Platelet E-News – March 17, 2003

This e-newsletter is a monthly publication of The Platelet Disorder Support Association. The information in this newsletter is for educational purposes only. For advice on your unique medical condition, please consult a health care professional.


  • Energy Healing Research
  • Relaxation Facilitates Healing
  • Diet Helps Arthritis Patients
  • Thrombocytopenia and Lupus
  • Beer Alters Blood Clotting
  • Bringing the Genome to You


Energy Healing Research

Several new research programs sponsored by the National Center for Complementary and Alternative Medicine will explore the mind-body connection in healing. A pilot study at the California Pacific Medical Center suggested that it is possible to measure biological properties of cultured human cells in response to healing intentionality. Also, the University of Arizona’s new Center for Frontier Medicine in Biofield Science will offer doctor training and research opportunities to understand the connection between biofield therapies like qi gong on cellular function.

Ions Noetic Science Review Dec.2002-Feb.-2003 pp. 36 – 38

Relaxation Facilitates Healing

Patients involved in fibromyalgia research at the University of Louisville and psoriasis research at the University of Massachusetts Medical School Stress Reduction Clinic responded to treatment faster when they learned relaxation techniques such as meditation. (Note: fibromyalgia and psoriasis are autoimmune diseases) March 2003. pp. 103

Diet Helps Arthritis Patients

Rheumatoid arthritis patients reduced their pain and inflammation in 12 weeks after switching from a western diet to a traditional Mediterranean diet, according to Ume University’s Dr. L. Hagfors and his associates. The diet called for a high consumption of fruit, vegetables, cereals, legumes, olive or canola oil, and green or black tea instead of wine. C reactive protein levels and thrombocyte counts were also decreased by this diet. (Note: Rheumatoid arthritis is an autoimmune disease)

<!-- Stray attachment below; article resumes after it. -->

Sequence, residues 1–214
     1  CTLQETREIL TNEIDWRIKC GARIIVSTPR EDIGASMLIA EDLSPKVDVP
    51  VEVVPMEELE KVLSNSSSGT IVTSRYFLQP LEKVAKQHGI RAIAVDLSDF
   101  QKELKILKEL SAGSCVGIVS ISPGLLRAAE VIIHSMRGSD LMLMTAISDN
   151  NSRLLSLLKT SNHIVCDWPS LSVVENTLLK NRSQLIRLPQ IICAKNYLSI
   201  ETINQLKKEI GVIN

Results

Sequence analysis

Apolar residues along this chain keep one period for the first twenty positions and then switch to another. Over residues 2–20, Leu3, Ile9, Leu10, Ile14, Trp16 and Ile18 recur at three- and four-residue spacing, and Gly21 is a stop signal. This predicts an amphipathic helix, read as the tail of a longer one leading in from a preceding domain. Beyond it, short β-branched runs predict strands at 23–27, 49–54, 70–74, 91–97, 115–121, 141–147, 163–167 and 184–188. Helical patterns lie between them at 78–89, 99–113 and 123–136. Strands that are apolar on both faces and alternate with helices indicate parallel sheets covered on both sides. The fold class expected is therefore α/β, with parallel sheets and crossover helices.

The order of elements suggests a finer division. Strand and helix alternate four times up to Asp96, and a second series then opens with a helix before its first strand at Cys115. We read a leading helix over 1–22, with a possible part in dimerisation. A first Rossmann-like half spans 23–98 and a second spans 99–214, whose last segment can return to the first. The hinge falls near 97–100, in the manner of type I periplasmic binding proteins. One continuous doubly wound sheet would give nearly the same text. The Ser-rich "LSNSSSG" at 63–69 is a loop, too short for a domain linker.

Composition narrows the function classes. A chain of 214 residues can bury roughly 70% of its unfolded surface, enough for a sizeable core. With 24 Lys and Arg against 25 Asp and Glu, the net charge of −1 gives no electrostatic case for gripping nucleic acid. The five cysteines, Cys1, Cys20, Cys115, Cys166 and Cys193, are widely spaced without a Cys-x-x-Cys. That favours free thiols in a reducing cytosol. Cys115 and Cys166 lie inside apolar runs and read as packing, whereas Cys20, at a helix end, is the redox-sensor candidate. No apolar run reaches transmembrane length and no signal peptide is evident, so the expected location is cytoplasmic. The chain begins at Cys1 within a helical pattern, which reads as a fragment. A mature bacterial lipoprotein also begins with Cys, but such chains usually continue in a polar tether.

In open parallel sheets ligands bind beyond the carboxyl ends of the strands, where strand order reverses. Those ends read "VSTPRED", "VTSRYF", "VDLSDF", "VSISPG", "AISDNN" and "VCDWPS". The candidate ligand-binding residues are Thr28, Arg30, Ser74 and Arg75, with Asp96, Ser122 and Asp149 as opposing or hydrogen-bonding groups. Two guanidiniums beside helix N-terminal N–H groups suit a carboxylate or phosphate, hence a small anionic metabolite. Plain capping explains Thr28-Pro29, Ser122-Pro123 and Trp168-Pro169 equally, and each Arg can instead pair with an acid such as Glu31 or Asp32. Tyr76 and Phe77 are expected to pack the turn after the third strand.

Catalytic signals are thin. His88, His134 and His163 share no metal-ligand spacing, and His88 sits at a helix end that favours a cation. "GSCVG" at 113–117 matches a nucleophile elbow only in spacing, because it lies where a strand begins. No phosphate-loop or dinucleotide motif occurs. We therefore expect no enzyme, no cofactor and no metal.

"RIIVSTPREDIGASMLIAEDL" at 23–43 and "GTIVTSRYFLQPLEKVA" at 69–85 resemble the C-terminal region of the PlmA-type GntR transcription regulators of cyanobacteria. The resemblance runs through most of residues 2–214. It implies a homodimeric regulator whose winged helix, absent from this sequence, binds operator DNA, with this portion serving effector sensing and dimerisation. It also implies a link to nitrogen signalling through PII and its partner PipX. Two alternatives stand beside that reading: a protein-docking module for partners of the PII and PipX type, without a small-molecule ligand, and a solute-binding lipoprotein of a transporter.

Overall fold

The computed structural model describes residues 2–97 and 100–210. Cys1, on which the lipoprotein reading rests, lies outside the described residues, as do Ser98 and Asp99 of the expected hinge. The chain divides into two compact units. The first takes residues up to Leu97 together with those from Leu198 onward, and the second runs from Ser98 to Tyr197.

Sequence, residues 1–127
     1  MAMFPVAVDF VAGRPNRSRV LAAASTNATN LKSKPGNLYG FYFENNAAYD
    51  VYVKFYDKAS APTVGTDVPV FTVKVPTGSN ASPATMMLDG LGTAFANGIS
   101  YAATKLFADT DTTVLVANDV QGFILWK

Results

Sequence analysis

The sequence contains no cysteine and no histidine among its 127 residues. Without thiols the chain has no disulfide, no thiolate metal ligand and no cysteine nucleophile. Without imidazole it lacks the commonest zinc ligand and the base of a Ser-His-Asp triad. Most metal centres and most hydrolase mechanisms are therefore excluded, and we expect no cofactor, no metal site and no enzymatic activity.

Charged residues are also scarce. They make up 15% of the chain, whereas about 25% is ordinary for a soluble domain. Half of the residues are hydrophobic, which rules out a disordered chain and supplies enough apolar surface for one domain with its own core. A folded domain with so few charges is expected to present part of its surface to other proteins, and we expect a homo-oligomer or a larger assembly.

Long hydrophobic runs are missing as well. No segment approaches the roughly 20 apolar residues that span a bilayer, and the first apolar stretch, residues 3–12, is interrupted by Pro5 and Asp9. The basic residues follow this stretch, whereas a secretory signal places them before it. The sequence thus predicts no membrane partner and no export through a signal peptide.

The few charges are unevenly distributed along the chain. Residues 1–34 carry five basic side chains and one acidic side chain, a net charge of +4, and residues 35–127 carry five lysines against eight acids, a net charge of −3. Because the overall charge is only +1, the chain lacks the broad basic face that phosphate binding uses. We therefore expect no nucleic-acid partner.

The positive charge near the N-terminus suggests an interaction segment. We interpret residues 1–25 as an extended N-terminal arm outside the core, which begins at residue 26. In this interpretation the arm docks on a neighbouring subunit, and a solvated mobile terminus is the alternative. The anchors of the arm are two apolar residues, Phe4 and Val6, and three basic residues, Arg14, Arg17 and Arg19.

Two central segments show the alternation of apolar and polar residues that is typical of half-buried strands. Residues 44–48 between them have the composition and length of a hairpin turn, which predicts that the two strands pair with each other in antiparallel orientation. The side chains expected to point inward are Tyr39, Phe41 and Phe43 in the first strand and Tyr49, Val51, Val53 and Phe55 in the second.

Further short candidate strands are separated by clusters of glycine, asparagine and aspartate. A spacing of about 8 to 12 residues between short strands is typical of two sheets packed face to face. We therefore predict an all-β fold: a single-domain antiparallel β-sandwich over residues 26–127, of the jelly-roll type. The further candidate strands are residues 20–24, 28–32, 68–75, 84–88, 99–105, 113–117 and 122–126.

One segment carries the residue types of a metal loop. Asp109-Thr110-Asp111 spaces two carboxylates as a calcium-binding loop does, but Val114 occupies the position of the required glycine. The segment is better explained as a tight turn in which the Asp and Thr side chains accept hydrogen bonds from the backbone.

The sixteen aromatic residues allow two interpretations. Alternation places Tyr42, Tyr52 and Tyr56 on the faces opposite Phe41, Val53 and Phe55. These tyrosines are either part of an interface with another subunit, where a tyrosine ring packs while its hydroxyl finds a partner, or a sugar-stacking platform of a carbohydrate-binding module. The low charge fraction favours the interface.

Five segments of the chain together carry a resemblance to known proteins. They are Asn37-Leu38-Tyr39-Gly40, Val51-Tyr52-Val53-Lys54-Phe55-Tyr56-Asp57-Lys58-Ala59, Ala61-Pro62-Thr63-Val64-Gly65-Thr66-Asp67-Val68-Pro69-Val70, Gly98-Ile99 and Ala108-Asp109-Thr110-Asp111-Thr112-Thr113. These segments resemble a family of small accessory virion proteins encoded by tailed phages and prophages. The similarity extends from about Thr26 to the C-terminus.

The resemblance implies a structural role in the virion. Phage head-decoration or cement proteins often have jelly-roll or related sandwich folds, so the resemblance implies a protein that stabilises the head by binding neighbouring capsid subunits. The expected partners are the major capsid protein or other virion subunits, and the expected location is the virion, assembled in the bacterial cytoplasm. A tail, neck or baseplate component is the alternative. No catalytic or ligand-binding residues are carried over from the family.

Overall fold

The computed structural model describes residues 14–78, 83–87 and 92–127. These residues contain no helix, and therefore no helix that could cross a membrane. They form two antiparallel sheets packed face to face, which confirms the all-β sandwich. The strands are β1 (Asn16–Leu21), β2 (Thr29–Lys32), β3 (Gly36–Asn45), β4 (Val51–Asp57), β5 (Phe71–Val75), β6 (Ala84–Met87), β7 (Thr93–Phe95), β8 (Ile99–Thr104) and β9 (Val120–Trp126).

“Mediterranean Diet Suppresses Disease Activity in Rheumatoid Arthritis” Reuters Health Information. Feb 19, 2003.

Thrombocytopenia and Lupus

Thrombocytopenia in systemic lupus erythematosus (SLE) patients may indicate a severe familial form of the disease, report researchers at the University of Oklahoma. The associated genetic risk factors therefore need to be identified. Thrombocytopenia was associated with nephritis, serositis, neuropsychiatric involvement, autoimmune hemolytic anemia, anti-double-stranded DNA, and anti-phospholipid antibody.

“Thrombocytopenia identifies a severe familial phenotype of systemic lupus erythematosus and reveals genetic linkages at 1q22 and 11p13” Acofield, Bruner, Kelly, Kilpatrick, Bacino, Nath and Harley, Blood 1 February 2003 Vol. 101, No. 3 pg. 992


Beer Alters Blood Clotting

Drinking a beer a day alters the structure of fibrinogen, a blood protein involved in blood clotting, report researchers at Hebrew University-Hadassah Medical School in Jerusalem. When the subject’s blood was analyzed ten percent of their fibrinogen disappeared and much of the remaining fibrinogen underwent changes that compromise the blood clotting process. The group suggests that some of the fibrinogen effect may be traced to polyphenols, pigmented antioxidant compounds in beer, green and black tea, red wine, and grape juice .

“Why beer may deter blood clots”, Science News, March 8, 2003, Vol 163, P. 157.


Bringing the Genome to You

Nobel Laureate James Watson, National Human Genome Research Institute Director Francis Collis and others will share their insights in a free program at the National Museum of Natural History in Washington, DC on April 15, 2003 from 9AM to 1PM. A limited number of scholarships are available to defray travel and/or lodging costs for members of the public who otherwise could not attend.

See For a scholarship application call 301-402-0955.

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